Listened Carly Rae Jepsen: Dedicated from Pitchfork

On her fourth album, the Canadian pop star is doing what she does best, calibrating lovesick or lovelorn synthpop that’s neither too hot nor too cold—and sometimes, regrettably, only lukewarm.

There is no faulting the slickness associated with this album, but there is just something missing. I think Anne Gaca captures this best in describing the album as ‘chill disco’. It feels like it lacks the depth of sound that was present on E.MO.TION.

Place between Robyn and Taylor Swift.

Listened The National: I Am Easy to Find from Pitchfork

With a cast of female vocalists guiding and redirecting the songs, the National’s eighth album is their largest, longest, and most daring.

I Am Easy to Find is both an album and a film. Where Sleep Well Beast flagged something of a change through their collaboration with Mouse on Mars, the addition of different voices in this album allows the music to explore different characters. different roles within the music. One of the hardest things I found was that I went into the album expecting something. I remember having a similar experience with Radiohead when they released Kid A/Amnesiac. This album started offereing more once I stopped trying to hear what was not there. Mike Mills, Matt Berninger Aaron Dessner also provided a track-by-track reflection of the album.
Listened Ep. 129 Clive Thompson from

Clive Thompson explains how the values of code become the norm, and how some coders are successfully avoiding the Lust for Scale.

Clive Thompson and Douglas Rushkoff reminisce about the early days of coding when it was more akin to origami. Thompson argues that scale and efficiency created by the venture capital model breaks the social system. This produces a focus on measurement and engagement, A/B testing, over humans and representation. It is interesting to consider this alongside Thompson’s previous book Smarter Than You Think. The challenge we have is to move away from the magic of coding and automation, the focus on coding as a career.
Listened The Road: Part II (Lost Highway) – UNKLE | Songs, Reviews, Credits | AllMusic from AllMusic

Find album reviews, stream songs, credits and award information for The Road: Part II (Lost Highway) – UNKLE on AllMusic – 2019 – The reanimated UNKLE’s second album in three…

James Lavelle has described this album as something of a mixtape. I remember struggling to get the first album in this series and wonder if I was simply looking for something different, maybe something with a clear narrative. For me, this is one of those albums that is easy to drop in and out of. A soundtrack to everyday life?

Place inbetween Massive Attack and DJ Shadow.

Listened Nick Murphy has made an album that Chet Faker never could from triple j

Run Fast Sleep Naked is the result of Murphy’s four-year spiritual journey of self-discovery and musical evolution.

I have really enjoyed Nick Murphy’s latest album. It is a real slow burn. The longer you listen the more it seems to entrance.

Sure, if you’re looking for the simpler seductive pleasures of a ‘Talk Is Cheap’ or ‘I’m Into You’, prepare to be disappointed. Run Fast Sleep Naked is more spiritual than it is sensual, and while it demands more of you, Nick Murphy’s evolution from the slinky electro-soul that first gained him attention is part and parcel with his own journey of self-discovery since ditching the Chet Faker stage name.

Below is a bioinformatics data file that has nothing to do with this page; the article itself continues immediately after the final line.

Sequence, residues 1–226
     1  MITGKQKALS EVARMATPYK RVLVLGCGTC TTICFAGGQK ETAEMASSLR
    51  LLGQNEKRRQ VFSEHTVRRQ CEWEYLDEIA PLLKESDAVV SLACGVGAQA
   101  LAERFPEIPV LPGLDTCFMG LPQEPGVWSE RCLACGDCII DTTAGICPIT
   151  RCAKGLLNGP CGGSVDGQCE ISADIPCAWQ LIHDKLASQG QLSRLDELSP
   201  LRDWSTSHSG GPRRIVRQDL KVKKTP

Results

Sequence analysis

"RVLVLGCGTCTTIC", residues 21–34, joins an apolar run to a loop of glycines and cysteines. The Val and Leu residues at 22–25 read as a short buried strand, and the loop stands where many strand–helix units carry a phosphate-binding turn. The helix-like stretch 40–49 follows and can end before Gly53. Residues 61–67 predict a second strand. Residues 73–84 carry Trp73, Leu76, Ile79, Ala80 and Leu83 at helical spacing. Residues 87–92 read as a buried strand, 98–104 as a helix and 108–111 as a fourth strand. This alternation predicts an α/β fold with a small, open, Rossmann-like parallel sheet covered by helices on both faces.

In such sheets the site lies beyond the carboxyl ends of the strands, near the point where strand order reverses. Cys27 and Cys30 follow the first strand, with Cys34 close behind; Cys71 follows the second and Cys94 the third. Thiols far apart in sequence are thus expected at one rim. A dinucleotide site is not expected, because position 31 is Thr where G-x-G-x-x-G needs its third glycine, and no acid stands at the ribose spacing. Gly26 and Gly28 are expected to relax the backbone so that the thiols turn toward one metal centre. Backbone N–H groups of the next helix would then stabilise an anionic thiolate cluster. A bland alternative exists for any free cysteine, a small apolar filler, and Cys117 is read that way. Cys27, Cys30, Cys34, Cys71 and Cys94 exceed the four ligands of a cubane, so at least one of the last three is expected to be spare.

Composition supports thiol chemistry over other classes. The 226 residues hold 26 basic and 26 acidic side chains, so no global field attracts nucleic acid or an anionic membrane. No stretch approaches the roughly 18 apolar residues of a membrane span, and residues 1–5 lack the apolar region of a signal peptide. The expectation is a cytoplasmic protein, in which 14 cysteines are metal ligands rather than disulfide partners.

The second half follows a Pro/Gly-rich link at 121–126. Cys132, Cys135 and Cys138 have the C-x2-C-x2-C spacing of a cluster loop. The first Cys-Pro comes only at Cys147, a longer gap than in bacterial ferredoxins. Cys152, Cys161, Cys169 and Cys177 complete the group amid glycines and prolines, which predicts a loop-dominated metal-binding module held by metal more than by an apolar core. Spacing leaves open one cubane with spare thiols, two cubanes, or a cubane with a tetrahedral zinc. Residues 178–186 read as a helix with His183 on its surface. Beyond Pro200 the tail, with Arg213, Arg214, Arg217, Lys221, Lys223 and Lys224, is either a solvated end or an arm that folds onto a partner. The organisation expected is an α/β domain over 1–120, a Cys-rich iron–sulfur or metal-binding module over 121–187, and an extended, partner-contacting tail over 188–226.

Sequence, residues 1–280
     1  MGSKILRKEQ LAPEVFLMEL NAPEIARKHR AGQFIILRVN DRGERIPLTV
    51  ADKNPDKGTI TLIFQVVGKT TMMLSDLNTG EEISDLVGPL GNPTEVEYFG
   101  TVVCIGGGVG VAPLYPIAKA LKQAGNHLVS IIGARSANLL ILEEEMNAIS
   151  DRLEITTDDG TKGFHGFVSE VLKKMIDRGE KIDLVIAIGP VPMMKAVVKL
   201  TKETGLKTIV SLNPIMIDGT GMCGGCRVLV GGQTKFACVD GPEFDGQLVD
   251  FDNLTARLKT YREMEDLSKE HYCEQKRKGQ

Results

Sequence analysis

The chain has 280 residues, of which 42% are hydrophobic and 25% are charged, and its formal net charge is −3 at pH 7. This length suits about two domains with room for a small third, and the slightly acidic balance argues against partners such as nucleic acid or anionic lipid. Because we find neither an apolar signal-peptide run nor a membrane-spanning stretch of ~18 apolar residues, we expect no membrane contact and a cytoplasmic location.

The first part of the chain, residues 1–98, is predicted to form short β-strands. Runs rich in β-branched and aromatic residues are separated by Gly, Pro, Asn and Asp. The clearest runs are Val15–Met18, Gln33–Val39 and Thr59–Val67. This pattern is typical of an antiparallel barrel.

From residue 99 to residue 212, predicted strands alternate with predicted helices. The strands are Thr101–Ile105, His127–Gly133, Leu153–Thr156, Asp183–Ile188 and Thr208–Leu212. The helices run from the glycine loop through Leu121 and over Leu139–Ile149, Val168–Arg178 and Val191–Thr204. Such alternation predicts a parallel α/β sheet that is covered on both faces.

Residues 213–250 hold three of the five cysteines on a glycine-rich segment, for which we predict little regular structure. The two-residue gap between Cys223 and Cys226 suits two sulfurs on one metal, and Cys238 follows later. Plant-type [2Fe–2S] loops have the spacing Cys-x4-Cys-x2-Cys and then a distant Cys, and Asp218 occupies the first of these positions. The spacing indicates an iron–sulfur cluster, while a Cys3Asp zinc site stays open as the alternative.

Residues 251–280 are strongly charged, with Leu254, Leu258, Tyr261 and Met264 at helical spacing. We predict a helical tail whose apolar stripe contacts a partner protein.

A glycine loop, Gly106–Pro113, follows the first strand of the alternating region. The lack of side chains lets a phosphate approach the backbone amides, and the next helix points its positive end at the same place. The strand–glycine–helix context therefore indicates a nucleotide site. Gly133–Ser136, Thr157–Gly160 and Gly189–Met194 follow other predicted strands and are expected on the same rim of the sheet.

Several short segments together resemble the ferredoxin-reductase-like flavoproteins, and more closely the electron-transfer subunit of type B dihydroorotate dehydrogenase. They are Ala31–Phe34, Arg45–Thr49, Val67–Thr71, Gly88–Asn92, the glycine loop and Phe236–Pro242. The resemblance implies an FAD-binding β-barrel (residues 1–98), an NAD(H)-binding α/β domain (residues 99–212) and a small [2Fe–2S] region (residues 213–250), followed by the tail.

Place between Snow Patrol and Guy Pearce

Listened CM 131: James Clear on Making and Breaking Habits

Whether we want to adopt good habits or avoid bad ones, we need to think beyond willpower or setting bigger goals. Instead, James Clear, author of the book, Atomic Habits: An Easy and Proven Way to Build Good Habits and Break Bad Ones, argues that the secret is designing a system of small, repeatable habits. He challenges us to ask ourselves, “How can we make these small changes that we layer on top of each other – these little 1% improvements or tiny advantages – and in the process of integrating them all into a larger system, end up making some really remarkable progress?”

Through compelling stories and brain research, James teaches us how to design game-changing habits and sustainable systems. In addition, he shares ways we can leverage environmental factors and addictive tendencies to our advantage. Finally, he helps us see how a commitment to daily habits leads to the identity we seek: “Every action you take is like a vote for the person that you want to become. Doing one push up or writing one sentence or reading one page, it’s not going to transform you right away. But it does cast a vote for being that kind of person, for reinforcing that kind of identity.”

James Clear talks with Gayle Allen about his new book Atomic Habits. Some of the take-aways from the conversation were:

  • The most important aspect to behaviour change is identity
  • Four stages to a habit: Cue, craving, response, reward/outcome
  • A high level framework involves making habits obvious, attractive, easy and satisfying. If you are trying to break a habit, then invert this.
  • If you want a habit to be a part of your life, make it a part of your environment.
  • We need habits of action, rather than motion. This is about showing up.

I think that this book would have a lot of implications for education and change.

Listened How worried should we be about Huawei? – podcast from the Guardian

Guardian reporters Rupert Neate, Alex Hern and Tania Branigan discuss the company at the heart of a diplomatic tussle. Plus, David Kogan argues Labour needs clarity on Brexit to have a chance of winning power

This discussion continues the conversation around Huawei, 5G and the future of technology.

Listened China’s hi-tech war on its Muslim minority – podcast from the Guardian